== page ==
As an American woman who came to Islam and have been married to a Muslim Algerian for over 14 years, I always get worried when women meet Algerian men and consider marriage. From my own experience, some of the best Muslims are Algerians Masha'Allah. Algerians pride themselves on that. But I have also seen very unIslamic behavior from some Muslim Algerian men towards their spouses, especially if their spouse is not Arab or North African, especially if she is not Algerian.
Even if a man prays 5 times a day, has many people to vouch for his "Islamic" behavior, a woman needs to really get to know a man before marriage. Some men want their wives to be Muslim or behave Islamically, but then they do not want to apply those rules to themselves. Some men follow all culture and not Islam. Other men adhere to Islam as best as they can. But the best of men should be like the Prophet Mohammad peace be upon him who was never unkind to a wife, never hit a wife, and helped all of his wives in all affairs. He (peace be upon him), took their concerns seriously.
Islamicly we should have a muharam (male relative capable of protecting our Islamic rights) present even if a woman is not Muslimah, to ensure that we do not become emotionally involved with him before we are too in love to see a man might not be compatible with us. Yet at the same time, we need to know enough to actually make a good decision!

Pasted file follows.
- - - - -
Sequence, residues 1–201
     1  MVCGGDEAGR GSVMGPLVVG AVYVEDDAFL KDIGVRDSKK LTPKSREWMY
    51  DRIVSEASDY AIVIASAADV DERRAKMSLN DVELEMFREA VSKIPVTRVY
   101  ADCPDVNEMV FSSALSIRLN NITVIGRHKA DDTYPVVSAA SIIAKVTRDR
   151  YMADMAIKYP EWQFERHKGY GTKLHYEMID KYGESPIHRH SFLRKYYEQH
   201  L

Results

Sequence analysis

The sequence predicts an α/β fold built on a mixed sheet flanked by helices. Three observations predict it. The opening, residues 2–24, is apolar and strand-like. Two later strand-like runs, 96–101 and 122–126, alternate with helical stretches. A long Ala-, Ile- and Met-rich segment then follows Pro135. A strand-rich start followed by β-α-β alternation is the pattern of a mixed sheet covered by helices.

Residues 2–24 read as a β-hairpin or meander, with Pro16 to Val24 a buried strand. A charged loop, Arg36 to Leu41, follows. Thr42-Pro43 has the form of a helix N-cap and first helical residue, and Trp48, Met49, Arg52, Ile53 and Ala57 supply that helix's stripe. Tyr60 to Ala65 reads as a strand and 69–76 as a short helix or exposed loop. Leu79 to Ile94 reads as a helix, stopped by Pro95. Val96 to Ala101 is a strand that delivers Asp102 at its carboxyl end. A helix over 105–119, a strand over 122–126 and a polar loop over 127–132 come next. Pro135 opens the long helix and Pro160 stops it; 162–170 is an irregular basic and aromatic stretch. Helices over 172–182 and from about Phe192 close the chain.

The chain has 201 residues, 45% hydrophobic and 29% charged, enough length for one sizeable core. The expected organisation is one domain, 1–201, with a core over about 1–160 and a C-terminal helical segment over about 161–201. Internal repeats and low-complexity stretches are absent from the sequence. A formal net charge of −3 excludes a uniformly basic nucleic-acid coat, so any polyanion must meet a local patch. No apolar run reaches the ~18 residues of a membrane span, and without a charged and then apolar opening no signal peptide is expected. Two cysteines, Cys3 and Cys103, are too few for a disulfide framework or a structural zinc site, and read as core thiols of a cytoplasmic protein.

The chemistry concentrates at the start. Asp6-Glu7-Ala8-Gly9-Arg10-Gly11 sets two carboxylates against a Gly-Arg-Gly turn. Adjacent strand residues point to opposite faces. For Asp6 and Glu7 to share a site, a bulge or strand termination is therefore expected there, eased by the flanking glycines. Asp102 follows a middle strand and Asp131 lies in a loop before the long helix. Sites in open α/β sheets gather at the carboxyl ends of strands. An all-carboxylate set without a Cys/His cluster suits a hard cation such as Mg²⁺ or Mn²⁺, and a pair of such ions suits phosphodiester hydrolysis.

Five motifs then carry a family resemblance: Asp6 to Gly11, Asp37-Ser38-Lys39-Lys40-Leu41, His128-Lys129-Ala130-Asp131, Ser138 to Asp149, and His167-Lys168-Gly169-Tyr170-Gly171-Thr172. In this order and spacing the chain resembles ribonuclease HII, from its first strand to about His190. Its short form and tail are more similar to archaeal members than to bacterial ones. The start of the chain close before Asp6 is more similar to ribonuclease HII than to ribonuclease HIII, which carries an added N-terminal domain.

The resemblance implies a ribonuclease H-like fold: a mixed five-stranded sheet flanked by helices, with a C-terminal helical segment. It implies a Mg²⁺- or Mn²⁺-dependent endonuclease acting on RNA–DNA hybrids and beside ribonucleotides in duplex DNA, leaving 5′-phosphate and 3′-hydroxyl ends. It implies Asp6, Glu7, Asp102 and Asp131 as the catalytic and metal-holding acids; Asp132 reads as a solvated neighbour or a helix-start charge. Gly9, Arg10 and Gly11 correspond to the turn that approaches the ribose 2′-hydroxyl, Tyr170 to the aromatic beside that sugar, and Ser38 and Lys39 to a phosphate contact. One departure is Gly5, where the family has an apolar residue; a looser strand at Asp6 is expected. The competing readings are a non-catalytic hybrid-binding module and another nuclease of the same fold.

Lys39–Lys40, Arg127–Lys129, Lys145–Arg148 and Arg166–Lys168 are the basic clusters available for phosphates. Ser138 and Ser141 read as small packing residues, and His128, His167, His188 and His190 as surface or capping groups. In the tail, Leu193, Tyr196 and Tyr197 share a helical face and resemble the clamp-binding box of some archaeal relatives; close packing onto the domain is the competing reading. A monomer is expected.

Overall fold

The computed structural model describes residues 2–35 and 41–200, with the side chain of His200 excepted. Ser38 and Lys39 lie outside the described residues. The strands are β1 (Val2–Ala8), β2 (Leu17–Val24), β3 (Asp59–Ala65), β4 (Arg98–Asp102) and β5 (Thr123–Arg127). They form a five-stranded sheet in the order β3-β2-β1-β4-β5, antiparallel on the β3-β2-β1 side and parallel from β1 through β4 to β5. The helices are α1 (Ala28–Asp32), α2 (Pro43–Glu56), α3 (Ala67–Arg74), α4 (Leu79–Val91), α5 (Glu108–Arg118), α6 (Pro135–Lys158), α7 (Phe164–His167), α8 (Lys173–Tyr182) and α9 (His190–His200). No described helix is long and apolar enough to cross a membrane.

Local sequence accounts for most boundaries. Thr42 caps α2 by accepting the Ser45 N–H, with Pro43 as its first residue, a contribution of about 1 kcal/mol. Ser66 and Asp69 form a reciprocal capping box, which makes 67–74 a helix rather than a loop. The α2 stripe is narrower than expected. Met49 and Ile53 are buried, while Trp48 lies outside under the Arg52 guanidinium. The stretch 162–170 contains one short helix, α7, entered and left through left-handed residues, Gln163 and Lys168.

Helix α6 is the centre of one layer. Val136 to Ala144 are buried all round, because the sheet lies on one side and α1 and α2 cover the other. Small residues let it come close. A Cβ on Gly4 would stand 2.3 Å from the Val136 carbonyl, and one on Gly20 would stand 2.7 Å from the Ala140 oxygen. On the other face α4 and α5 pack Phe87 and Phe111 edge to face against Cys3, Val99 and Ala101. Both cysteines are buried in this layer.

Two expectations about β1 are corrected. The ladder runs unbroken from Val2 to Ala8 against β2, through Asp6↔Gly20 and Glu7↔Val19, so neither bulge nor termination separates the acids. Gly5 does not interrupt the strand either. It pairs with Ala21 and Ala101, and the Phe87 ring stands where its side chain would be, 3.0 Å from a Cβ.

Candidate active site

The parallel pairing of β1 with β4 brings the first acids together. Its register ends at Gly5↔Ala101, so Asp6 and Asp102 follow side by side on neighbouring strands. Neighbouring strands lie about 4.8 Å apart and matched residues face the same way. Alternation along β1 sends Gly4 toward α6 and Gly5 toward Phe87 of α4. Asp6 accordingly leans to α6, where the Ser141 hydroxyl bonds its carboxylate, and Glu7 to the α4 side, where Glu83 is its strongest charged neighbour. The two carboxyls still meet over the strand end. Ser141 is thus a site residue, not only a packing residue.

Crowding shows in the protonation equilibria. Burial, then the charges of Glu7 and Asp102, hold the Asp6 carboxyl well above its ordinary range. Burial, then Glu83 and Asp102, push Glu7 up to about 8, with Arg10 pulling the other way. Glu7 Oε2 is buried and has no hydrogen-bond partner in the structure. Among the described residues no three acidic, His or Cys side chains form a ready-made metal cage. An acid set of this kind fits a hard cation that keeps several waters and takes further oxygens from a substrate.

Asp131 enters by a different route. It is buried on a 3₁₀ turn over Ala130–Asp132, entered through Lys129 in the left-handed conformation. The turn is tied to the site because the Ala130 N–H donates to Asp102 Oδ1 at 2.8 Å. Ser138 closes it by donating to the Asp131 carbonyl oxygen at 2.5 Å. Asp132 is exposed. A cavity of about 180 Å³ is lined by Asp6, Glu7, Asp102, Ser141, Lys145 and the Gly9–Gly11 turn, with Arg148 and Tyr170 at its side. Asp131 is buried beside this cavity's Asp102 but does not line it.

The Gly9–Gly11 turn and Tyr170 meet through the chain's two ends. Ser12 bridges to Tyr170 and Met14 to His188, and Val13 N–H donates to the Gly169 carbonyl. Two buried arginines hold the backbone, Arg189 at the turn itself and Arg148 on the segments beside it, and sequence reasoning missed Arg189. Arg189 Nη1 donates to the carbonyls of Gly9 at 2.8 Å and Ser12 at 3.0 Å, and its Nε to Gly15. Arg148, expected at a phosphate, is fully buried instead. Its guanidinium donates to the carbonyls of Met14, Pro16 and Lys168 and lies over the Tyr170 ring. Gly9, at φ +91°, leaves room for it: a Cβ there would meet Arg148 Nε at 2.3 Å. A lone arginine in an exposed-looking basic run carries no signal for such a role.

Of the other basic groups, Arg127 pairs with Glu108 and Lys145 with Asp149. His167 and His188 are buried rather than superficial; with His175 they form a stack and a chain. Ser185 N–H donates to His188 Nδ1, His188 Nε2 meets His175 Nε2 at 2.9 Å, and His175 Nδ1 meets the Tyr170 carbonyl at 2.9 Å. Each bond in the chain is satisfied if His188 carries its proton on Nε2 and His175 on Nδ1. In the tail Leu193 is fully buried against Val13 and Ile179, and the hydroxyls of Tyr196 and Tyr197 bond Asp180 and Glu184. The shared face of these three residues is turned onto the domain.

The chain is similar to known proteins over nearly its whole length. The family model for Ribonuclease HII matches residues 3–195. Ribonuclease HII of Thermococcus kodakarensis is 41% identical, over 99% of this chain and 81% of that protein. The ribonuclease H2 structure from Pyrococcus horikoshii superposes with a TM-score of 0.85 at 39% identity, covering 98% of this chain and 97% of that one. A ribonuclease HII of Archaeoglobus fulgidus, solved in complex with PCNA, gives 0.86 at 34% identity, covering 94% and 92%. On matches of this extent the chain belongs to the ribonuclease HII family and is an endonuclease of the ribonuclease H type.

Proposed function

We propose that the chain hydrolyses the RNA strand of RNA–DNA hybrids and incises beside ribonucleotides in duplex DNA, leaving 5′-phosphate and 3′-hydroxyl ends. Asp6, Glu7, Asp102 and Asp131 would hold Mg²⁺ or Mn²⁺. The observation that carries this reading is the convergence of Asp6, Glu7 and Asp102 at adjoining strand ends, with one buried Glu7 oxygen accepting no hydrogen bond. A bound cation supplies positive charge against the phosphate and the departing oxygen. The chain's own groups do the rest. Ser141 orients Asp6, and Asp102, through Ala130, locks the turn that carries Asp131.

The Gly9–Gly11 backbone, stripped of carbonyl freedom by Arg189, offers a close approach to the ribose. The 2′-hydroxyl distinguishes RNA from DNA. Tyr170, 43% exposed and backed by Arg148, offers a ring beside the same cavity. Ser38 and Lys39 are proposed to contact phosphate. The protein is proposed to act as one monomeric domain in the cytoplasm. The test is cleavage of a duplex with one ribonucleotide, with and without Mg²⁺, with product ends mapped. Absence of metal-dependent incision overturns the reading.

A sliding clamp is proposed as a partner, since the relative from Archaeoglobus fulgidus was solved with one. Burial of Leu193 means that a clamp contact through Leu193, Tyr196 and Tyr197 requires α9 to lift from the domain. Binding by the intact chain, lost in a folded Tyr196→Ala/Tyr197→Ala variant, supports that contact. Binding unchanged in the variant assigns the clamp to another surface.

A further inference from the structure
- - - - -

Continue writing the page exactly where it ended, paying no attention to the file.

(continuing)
In Islam there is a wali (protector, usually a male relative like your father) in marriage that represents the woman so that she does not get emotionally involved and to advocate for her in marriage. This should be someone you can trust will represent the woman's needs, plus will be influencial enough on the man to help with problems should marital discord happen in the future. Some men (including some Algerians) take advantage of this by having just any old brother be a woman's wali so he can get married. Then when there are problems, the woman cannot even approach that person because it's her husband's friend who won't even hear her side, or he is long gone and no longer cares about her rights. Elhamdulillah, I once saw an Algerian imaam at a wedding in the US, he increased the mahr (bride gift) for the American woman because he wanted to protect her rights, masha'Allah! Remember, in Algeria, weddings are pretty expensive.
Whether you are Muslim or not, consider it carefully. Even if you are of the same religion or enjoy his culture, there will be cultural and religious issues in the future. And with children those only get worse.